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Government bond markets remained under pressure on Tuesday as traders anticipated a fresh round of US inflation data and braced for central banks to tighten monetary policy.

The yield on the 10-year Treasury note, which serves as a benchmark for borrowing costs around the world, rose 0.04 percentage points to 1.95% as the price of debt fell.

German, Italian and Spanish yields climbed, in anticipation of the European Central Bank following the US Federal Reserve to reduce its purchases of government bonds that have suppressed borrowing costs since the coronavirus swept through Western countries it two years ago.

Equity markets traded cautiously, with the regional Stoxx 600 index opening 0.2% higher. A FTSE stock index in Italy, widely seen as one of the eurozone countries most vulnerable to higher government borrowing costs, traded flat after losing 1% in the previous session .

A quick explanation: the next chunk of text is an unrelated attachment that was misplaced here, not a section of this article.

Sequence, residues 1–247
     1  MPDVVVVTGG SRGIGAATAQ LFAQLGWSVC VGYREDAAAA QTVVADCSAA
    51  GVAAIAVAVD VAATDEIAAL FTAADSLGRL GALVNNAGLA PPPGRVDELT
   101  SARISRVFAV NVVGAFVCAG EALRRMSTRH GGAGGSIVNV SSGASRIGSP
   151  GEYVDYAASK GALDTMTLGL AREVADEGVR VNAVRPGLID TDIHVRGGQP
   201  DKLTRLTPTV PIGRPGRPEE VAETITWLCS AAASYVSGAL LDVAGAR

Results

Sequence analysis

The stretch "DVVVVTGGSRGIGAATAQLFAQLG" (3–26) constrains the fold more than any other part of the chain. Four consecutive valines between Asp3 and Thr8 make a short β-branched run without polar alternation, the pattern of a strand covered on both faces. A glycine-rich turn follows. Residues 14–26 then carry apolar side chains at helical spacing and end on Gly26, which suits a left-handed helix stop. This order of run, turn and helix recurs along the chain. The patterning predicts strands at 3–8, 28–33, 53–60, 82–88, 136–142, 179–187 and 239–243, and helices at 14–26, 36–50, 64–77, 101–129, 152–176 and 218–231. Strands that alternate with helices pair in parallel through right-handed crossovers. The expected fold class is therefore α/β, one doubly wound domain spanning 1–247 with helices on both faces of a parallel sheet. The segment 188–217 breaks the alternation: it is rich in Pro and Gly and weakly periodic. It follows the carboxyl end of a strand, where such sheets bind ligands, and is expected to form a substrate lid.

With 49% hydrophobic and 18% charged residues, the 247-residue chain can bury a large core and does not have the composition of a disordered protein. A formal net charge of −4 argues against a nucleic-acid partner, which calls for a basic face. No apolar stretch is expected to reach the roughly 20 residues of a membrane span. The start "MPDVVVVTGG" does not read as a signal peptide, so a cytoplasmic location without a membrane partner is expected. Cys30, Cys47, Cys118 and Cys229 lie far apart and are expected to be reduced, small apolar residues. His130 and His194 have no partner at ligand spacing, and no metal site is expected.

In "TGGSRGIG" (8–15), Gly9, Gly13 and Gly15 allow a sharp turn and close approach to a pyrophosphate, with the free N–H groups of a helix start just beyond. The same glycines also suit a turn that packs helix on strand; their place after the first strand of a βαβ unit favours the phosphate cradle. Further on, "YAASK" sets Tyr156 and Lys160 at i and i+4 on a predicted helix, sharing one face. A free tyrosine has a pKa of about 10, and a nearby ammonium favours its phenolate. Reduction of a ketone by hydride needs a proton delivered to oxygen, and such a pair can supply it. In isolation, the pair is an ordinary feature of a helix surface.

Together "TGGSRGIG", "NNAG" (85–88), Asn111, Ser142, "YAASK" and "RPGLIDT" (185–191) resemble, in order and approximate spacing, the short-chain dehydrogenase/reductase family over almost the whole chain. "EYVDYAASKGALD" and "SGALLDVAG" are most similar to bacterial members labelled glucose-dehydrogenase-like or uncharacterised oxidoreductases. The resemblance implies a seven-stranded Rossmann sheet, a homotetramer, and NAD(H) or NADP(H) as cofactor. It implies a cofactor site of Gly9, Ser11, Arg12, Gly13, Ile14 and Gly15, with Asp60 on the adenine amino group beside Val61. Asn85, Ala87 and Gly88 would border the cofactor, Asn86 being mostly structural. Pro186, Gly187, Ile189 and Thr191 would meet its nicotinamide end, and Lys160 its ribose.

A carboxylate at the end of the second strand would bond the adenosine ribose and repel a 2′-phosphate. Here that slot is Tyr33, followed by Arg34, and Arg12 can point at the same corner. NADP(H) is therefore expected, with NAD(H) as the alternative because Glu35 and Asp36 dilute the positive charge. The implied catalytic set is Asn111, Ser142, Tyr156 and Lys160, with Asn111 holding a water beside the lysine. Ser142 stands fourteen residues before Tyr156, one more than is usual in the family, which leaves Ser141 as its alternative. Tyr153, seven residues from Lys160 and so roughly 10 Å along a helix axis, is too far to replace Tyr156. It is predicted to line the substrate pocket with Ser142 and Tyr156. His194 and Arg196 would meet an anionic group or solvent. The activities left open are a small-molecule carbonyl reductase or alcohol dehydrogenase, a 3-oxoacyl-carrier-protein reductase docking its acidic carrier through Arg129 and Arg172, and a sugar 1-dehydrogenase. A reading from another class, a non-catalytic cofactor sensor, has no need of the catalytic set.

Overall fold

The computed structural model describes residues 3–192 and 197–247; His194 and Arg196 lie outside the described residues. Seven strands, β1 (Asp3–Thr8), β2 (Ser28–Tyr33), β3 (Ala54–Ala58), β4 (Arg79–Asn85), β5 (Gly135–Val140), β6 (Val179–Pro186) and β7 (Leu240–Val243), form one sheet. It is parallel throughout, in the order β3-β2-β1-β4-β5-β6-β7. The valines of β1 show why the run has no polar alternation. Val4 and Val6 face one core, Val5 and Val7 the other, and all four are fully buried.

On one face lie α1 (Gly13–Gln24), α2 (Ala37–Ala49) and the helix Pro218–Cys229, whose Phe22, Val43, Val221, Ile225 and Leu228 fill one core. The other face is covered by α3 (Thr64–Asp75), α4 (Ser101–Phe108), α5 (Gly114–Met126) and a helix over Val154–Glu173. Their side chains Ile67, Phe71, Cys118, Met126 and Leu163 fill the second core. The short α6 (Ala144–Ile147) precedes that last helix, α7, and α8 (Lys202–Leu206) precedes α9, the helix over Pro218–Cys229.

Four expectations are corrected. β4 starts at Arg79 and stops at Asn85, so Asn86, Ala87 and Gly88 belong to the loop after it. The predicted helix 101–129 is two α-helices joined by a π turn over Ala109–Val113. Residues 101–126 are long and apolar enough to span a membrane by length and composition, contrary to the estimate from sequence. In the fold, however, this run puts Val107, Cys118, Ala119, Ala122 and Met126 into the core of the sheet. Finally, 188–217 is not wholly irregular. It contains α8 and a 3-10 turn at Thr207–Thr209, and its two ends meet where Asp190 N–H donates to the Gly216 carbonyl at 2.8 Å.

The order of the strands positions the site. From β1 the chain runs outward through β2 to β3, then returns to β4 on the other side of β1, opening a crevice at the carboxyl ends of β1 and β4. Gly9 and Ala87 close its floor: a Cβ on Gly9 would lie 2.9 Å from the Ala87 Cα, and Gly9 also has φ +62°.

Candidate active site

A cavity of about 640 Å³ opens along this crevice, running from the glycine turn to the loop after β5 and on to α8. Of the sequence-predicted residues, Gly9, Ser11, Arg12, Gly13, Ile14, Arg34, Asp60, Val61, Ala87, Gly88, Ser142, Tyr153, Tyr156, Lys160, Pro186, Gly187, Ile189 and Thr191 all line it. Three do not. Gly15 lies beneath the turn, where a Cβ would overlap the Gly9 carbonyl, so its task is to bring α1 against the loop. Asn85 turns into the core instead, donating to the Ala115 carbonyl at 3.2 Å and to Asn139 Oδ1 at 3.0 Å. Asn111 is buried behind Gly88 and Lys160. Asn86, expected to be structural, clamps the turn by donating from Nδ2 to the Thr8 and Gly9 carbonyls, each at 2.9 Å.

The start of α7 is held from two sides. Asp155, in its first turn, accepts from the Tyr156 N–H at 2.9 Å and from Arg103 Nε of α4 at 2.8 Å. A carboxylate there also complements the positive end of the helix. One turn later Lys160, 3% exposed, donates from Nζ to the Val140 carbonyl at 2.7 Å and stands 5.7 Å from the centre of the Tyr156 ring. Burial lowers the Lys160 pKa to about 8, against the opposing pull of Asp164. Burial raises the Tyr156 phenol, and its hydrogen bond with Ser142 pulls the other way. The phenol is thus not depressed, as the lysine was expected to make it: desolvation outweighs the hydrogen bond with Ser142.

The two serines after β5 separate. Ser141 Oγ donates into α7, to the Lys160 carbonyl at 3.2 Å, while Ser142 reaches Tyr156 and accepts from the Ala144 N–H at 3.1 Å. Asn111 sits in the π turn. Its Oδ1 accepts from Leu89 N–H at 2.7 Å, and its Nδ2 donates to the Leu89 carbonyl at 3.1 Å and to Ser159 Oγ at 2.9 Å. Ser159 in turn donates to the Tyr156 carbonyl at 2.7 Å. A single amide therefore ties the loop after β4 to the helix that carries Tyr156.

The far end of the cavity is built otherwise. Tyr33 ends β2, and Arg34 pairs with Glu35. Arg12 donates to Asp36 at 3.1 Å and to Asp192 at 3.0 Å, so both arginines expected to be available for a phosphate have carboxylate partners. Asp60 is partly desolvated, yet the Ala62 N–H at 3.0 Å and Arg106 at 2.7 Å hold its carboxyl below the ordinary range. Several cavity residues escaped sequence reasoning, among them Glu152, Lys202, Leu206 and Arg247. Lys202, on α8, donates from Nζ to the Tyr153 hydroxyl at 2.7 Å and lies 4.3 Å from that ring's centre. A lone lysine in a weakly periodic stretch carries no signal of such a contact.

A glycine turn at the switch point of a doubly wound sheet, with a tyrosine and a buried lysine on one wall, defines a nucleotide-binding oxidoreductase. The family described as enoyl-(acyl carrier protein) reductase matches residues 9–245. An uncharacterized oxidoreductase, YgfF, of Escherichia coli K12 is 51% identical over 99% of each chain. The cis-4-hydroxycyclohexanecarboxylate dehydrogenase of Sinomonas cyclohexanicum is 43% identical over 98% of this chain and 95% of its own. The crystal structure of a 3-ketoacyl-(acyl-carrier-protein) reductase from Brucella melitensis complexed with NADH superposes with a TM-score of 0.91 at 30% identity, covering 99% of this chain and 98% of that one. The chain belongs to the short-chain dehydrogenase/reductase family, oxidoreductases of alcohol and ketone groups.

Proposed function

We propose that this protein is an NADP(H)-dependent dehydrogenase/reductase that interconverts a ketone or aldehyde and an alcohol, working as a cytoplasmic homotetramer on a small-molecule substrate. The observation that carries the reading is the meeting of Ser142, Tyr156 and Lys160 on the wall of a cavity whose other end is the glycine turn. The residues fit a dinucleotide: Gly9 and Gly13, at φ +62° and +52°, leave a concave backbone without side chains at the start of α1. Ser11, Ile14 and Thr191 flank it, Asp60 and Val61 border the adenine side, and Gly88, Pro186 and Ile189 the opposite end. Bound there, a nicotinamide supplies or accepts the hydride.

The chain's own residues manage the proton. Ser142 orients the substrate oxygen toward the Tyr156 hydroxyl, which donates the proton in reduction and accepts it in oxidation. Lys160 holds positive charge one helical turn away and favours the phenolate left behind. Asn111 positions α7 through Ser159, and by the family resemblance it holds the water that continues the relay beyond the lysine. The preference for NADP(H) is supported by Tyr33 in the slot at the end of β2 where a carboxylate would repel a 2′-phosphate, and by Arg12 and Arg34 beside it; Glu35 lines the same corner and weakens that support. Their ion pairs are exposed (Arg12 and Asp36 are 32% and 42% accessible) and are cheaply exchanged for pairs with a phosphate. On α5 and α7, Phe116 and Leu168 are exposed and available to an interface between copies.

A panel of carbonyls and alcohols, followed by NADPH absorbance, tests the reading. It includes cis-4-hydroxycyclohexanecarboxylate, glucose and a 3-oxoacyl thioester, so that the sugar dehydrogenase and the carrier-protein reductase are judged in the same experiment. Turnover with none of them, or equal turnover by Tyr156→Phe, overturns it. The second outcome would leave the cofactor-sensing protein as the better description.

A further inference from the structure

Economists expect U.S. inflation data released Thursday to show consumer prices rose at an annual rate of 7.3% in January, a four-decade high.

The yield on Italian 10-year bonds, however, rose 0.03 percentage points to 1.84% on Tuesday morning. The yield on the 10-year German Bund rose 0.02 percentage points to 0.24%. Until last month, this barometer of broader eurozone borrowing costs had been below zero since May 2019.

Elsewhere in the markets, the U.S. dollar index rose 0.3% as bets on a rate hike climbed ahead of this week’s CPI data.

Futures markets implied that the S&P 500 stock index and the technology-focused Nasdaq 100 would trade flat when they opened in New York.

Brent, the oil benchmark, fell 1% to $91.78 a barrel, but remained near its highest level since 2014.

Read the full market briefing here.

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